Carpe Diem On The Trail With Basho Encore *falling willow leaves*

This week on the special feature “Encore” of Carpe Diem our inspiration is a haiku, written by the haiku master Matsuo Basho:

* * *
to sweep the garden
before I leave
falling willow leaves

* * *

I tried not to wander too far from the same mood and spirit in mine:

* * *
empty train station-
the chestnut in my pocket
still warm from his palm

* * *

Carpe Diem Haiku Kai

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Carpe Diem Sparkling Stars *Basho’s “the autumn full moon”*

This week the source of inspiration on Carpe Diem Sparkling Stars is a haiku, written by the haiku master Matsuo Basho:

* * *
the autumn full moon:
all night long
I paced round the lake.

* * *

I tried to stay close to the same mood and spirit when writing mine:

* * *
after storm
on maple’ s bare branches
only full moon

* * *
reaching up
eager to touch the moon
even mountain top

* * *
up all night
howling at the moon
neighbour’ s dog

* * *

Carpe Diem Haiku Kai

Carpe Diem Haiku *Basho ”how rare!”*

Our source of inspiration on Carpe Diem today is a haiku, written by Matsuo Basho:

* * *
how rare!
on leaving the mountain
the first eggplant

* * *

The following ones are my attempt to stay close to the same mood and spirit:

* * *
old oak-tree shade
nurtured in maze of roots
black summer truffle

* * *
double rainbow
arches across stormy sky
time to count blessings

* * *

Carpe Diem Haiku Kai

Carpe Diem Tan Renga Challenge *Basho’s “the old lady cherry”*

This week Carpe Diem Tan Renga inspiration and the first stanza is a not well – known haiku by Matsuo Basho. Our goal is to add the second stanza to it.

the old-lady cherry
in bloom: a remembrance
                                                  of her old age                             (Basho)

feeling rugged bark at my cheek
                             childhood memories return                 (Ese)

Carpe Diem Haiku Kai

Carpe Diem Haiku *Basho ”has spring come”*

Today on Carpe Diem Haiku our source of inspiration in the first Matsuo Basho haiku that he has composed, being only 20 years old:

* * *
has spring come
or has the year gone?
second-to-last-day

* * *

With this haiku came a preface (as it was common in those times): ”Today we have the first day of spring in spite of the date”.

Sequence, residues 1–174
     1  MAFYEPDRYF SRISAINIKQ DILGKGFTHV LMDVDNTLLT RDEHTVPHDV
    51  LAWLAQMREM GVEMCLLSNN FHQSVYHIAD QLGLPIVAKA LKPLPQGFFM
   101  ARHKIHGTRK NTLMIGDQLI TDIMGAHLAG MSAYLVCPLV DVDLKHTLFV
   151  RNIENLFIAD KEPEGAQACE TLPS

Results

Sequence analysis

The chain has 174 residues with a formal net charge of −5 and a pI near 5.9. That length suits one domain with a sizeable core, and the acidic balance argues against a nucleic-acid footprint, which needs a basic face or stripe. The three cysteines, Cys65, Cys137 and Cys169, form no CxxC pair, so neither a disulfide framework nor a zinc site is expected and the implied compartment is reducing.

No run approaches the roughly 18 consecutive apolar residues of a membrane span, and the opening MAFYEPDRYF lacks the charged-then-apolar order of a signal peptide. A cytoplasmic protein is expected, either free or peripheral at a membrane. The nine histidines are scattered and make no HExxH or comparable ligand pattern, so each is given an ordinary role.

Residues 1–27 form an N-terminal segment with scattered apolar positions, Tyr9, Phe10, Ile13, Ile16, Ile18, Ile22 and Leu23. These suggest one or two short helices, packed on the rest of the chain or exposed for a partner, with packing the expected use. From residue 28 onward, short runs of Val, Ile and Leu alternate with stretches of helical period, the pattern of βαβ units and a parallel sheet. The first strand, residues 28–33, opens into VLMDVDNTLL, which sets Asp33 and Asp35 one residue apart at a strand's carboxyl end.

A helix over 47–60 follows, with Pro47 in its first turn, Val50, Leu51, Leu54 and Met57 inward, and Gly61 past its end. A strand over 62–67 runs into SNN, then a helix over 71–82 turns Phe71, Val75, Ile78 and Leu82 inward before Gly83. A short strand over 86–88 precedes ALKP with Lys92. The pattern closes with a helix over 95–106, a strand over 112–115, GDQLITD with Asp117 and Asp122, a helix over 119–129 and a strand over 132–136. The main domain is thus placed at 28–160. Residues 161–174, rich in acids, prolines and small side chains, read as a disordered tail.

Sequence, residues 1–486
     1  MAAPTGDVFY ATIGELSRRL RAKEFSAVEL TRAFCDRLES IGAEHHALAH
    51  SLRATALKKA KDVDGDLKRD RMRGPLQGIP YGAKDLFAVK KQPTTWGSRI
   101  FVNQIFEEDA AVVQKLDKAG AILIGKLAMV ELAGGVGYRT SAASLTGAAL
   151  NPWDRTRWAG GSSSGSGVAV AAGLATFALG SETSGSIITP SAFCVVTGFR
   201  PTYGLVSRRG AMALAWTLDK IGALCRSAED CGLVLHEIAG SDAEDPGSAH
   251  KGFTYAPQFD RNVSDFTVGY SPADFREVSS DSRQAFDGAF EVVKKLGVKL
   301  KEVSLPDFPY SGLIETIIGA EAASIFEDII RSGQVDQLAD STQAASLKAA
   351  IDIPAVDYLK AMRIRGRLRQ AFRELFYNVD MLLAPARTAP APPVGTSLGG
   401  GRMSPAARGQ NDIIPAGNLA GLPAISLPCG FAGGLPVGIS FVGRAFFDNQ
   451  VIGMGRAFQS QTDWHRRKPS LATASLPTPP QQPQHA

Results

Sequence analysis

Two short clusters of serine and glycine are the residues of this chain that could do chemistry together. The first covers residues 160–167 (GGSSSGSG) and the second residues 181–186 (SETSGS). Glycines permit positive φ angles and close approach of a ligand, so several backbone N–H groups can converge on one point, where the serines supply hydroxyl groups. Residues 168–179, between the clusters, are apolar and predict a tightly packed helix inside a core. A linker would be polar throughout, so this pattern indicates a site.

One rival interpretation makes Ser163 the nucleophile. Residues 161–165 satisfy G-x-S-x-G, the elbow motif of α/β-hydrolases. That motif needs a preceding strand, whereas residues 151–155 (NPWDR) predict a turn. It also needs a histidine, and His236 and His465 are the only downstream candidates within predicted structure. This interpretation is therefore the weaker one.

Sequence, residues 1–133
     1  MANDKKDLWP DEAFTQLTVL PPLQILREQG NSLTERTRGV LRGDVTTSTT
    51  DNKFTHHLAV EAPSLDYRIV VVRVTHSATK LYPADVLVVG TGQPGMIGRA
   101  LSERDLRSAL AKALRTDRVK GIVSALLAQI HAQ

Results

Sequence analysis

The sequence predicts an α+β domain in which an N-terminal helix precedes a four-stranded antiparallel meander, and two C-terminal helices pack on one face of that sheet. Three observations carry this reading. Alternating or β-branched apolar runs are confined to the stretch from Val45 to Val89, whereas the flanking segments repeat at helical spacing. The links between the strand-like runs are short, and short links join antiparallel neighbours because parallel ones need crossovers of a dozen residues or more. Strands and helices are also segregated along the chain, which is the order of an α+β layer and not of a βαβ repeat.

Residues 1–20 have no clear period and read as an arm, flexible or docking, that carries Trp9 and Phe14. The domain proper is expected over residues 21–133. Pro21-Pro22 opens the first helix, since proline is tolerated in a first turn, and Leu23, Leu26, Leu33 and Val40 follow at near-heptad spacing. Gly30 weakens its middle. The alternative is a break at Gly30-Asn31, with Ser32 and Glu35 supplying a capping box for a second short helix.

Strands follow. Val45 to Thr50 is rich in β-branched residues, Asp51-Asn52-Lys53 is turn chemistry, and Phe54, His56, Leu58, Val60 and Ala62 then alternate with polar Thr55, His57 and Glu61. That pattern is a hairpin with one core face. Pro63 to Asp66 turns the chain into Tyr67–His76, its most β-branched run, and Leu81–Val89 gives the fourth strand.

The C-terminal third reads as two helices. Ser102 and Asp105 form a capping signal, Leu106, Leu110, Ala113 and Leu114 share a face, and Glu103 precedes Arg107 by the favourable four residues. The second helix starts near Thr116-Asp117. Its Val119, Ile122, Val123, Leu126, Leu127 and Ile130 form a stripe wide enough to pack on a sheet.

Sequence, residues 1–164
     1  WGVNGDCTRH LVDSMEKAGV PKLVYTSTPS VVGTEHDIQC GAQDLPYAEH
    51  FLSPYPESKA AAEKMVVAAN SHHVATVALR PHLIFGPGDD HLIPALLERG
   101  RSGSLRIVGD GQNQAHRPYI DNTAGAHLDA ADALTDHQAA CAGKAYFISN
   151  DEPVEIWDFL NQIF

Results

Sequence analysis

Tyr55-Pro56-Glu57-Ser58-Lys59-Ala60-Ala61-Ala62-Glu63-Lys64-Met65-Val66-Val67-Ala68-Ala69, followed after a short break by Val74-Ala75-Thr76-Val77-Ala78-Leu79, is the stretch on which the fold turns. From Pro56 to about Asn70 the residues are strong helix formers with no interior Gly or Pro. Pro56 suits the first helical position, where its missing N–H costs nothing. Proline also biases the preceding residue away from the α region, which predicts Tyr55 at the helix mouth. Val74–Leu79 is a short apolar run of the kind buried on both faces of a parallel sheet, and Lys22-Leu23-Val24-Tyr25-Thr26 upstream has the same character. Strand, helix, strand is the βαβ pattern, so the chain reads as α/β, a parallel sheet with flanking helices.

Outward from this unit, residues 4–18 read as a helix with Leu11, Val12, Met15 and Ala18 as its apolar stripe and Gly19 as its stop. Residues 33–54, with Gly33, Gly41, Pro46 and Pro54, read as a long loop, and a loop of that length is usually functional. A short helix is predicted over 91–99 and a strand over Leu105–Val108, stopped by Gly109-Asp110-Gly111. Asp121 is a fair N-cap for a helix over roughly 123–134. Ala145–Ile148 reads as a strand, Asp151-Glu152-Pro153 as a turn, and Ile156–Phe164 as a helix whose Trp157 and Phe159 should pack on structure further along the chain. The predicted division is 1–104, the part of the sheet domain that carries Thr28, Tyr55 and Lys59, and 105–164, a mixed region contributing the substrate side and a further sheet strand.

In the spirit of Basho’s haiku and following the suggestion of our Carpe Diem host Chèvrefeuille, I decided to post my first haiku. Yes, probably there exist some older ones, scribled on an old newspaper or in an equally old diary but none of that can be accessed at the moment. So, this is the first haiku I posted on my blog soon after starting to blog in general:

* * *
summer dawn
teardrop in spiderweb
entrapped

* * *
Carpe Diem Haiku Kai

Carpe Diem Haiku *Basho “Winds of Autumn”*

Today on Carpe Diem our source of inspiration is a haiku, written by Matsuo Basho:

* * *
a peach tree
its leaves aren’t scattered
winds of autumn

* * *

This is a rather controversial haiku because it has also a reference to Basho’ s homosexuality (in his time homosexuality was very common in the world of arts). The following haiku is my attempt not to wander too far away from the same mood and spirit:

* * *
connecting
two banks of the same river
a rainbow

* * *

Carpe Diem Haiku Kai

Carpe Diem Haiku *Basho ”autumn frost”*

Today on Carpe Diem our source of inspiration is a beautiful haiku by Matsuo Basho (1644-1694):

* * *
if taken into my hand
melting in the heat of tears
autumn frost

* * *

As it was common back then, this haiku had a preface:
”At the beginning of September I came back home. I was already long since my mother had died. The grass in front of mother’s room had withered in the frost. Everything had changed. The hair of my brother and sisters (Basho had a brother, an elder sister and three younger sisters) was white and they had wrinkles between their eyebrows. We could only say, ‘we are fortunate to be still alive’. Nothing more. My elder brother opened an amulet case and said reverently to me, ‘Look, at mother’s white hair. You have came back after such a long time. So this is like the Tamate Box of Urashima Taro. Your eyebrows have become white’. We wept for a while and then I composed this verse.”

I wrote my haiku, trying to stay close to the same mood and spirit:

* * *
dandelion fluff
escaping my palm
evening breeze

* * *
leaving
no trace on the cheek
droplets of rain

* * *

Carpe Diem Haiku Kai